Sometimes though, others don’t perceive it as the appropriate action and that is just fine that they don’t. I didn’t used to be fine that they didn’t. There is a point here where it just hurts not to follow what is calling and resonating within.

    I have seen the suffering I have caused myself by trying to live according to concepts rather than a sensitive and engaged encounter with the dynamic aspects of ever changing life. I have plenty of learning and exploring to do, and I am starting to see better these days what is a concept (e.g., idea, judgment, should, etc.) and what is spacious, open, unknowing (mysterious) and free.

    Pamela Wilson has some nice things to say about it in 3 parts at this link.

    Also, I LOVE what she says in a brief excerpt from this interview.

    • Barbara Kass Says:

      Hi, Ben — I am intrigued by your use of the word concept. It had never occurred to me that I respond to others based on a concept rather than what I know would be appropriate. I have to listen to the Pamela Wilson interview later because I am at a place where I can’t make any noise right now, and I will let you now. I am stealing your idea of living life dynamically rather than by concept.

  4. passionatepresence Says:

    I would not say you are the only one doing it Barbara. I would say we all do it and we have been cultured and conditioned to do it. Pam Wilson doesn’t really get into the conceptual aspect. Pam talks about this mystery and how it presents itself to us maybe even as us.

    Below are 2 blog entries by Jan Frazier that start to point it out how I\we conceptualize life. The intriguing thing is that many others are seeing and saying the same thing and when I finally heard them and checked it out for myself (most important) I found that I was living my life based on concepts mostly and not really engaging with life in a fresh, open, and aware presence.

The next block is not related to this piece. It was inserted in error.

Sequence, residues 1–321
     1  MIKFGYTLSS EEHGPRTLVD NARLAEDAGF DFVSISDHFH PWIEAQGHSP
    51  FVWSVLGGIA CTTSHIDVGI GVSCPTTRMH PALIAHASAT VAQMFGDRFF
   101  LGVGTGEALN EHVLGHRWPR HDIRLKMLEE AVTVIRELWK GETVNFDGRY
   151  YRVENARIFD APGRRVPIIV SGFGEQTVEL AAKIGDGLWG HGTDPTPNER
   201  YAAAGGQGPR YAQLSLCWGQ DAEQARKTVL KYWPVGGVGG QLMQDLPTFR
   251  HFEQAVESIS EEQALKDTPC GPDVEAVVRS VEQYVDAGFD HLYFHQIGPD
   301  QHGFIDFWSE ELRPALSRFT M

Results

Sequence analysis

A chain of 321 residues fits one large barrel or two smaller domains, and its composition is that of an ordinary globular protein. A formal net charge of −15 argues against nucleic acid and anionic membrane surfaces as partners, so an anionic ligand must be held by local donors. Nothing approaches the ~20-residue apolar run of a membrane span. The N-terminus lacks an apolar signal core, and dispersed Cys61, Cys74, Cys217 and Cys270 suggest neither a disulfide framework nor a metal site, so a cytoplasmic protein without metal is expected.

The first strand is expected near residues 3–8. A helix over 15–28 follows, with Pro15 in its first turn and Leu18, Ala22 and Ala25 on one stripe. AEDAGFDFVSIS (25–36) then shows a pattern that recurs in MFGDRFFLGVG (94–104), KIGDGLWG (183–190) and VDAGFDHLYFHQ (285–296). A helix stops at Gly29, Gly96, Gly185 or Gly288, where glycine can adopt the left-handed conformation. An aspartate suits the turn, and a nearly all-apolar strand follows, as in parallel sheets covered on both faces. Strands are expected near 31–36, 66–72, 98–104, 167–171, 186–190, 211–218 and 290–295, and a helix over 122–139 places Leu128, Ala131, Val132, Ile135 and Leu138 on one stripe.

If you want a deeper dive into this, I have a book suggestion, but my intention is not to drop another conceptual world or belief system on you or anyone else. Simply an introduction to the freedom and freshness of the Mysterious Presence that seems to be here. To see it, feel it, and be it, I had to see what was operating in place of it.

    • Barbara Kass Says:

      Hi, Ben — I read both of Jan Frazier’s essays. If I stop and think too much about thinking, I start to realize at some deep essential part of me just how insane living by thought can be. We are programmed to think and to think specific ways about certain things. Language is what we believe to be our only means of communication and language is born in thought. What Jan Frazier describes is another way of knowing our existence without getting tangled up in thought (although here we are thinking about it and trying to name it, conceptualize it, and understand it). I do know that when I am in those moments of perfect presence, I realize that nothing has meaning except that which I might place on it. Without my naming, life just is. Others just are. And there is nothing more to be said. And it does not matter. That we think ourselves into existence is quite possibly the only plausible explanation, but I don’t think it is the everyday thought that we are so accustomed to. I think it is a higher level of thought, but because we are so out of touch with it, we think that our common thoughts cause our existence and, therefore, we are afraid to be without thought — we might cease to exist. I will read more of her essays. Thank you for the links. And, go ahead and send me the name of the book. I love reading about everything.

  5. passionatepresence Says:

    Yes That Is It! That is a most Beautiful and Wondrous piece of writing Barbara. Shew!

    I oscillate between what Jan and you describe. I say that I can now see more clearly those times when I am relying on every day thought\conceptualization vs. that mysterious knowing or higher level of thought.

    Just yesterday, I was having trouble communicating about a problem with a co-worker. Nothing major, but we often seem to be coming from different directions. It isn’t something I have been able to really put my finger on in terms of the cause.

    Finally, I saw it after several years of it. We speak and operate in the working world based on different conceptual frameworks. Because of our roles and perceived roles, she believes she is a gatekeeper and talks about things in terms of “shoulds”, rules, and controls.

    I talk about things in terms of getting things done efficiently, according to spec. and in a way that is timely. These are some of my “every day” thinking and concepts. Rules and controls while important in some cases isn’t really what I emphasize. She does.

    What to do? The awareness of what was going on was so helpful!